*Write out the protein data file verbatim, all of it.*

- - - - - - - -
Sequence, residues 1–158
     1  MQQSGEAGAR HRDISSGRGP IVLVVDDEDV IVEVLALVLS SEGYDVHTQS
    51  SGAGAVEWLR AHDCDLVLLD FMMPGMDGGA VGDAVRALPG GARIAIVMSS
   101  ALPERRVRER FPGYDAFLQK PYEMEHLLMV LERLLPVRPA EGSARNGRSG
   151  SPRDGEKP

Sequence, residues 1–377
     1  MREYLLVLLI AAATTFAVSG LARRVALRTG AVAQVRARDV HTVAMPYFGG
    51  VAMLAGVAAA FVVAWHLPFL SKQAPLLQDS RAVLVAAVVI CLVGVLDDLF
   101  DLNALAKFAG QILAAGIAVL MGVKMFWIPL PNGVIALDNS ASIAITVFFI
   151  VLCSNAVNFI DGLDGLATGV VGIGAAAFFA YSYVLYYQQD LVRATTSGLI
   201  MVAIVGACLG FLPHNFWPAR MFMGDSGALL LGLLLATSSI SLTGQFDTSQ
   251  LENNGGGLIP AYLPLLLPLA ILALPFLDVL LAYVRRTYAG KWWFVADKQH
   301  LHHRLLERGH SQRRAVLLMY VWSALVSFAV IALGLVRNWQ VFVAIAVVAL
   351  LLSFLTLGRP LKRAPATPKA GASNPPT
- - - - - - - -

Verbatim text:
Sequence, residues 1–158
     1  MQQSGEAGAR HRDISSGRGP IVLVVDDEDV IVEVLALVLS SEGYDVHTQS
    51  SGAGAVEWLR AHDCDLVLLD FMMPGMDGGA VGDAVRALPG GARIAIVMSS
   101  ALPERRVRER FPGYDAFLQK PYEMEHLLMV LERLLPVRPA EGSARNGRSG
   151  SPRDGEKP

Sequence, residues 1–377
     1  MREYLLVLLI AAATTFAVSG LARRVALRTG AVAQVRARDV HTVAMPYFGG
    51  VAMLAGVAAA FVVAWHLPFL SKQAPLLQDS RAVLVAAVVI CLVGVLDDLF
   101  DLNALAKFAG QILAAGIAVL MGVKMFWIPL PNGVIALDNS ASIAITVFFI
   151  VLCSNAVNFI DGLDGLATGV VGIGAAAFFA YSYVLYYQQD LVRATTSGLI
   201  MVAIVGACLG FLPHNFWPAR MFMGDSGALL LGLLLATSSI SLTGQFDTSQ
   251  LENNGGGLIP AYLPLLLPLA ILALPFLDVL LAYVRRTYAG KWWFVADKQH
   301  LHHRLLERGH SQRRAVLLMY VWSALVSFAV IALGLVRNWQ VFVAIAVVAL
   351  LLSFLTLGRP LKRAPATPKA GASNPPT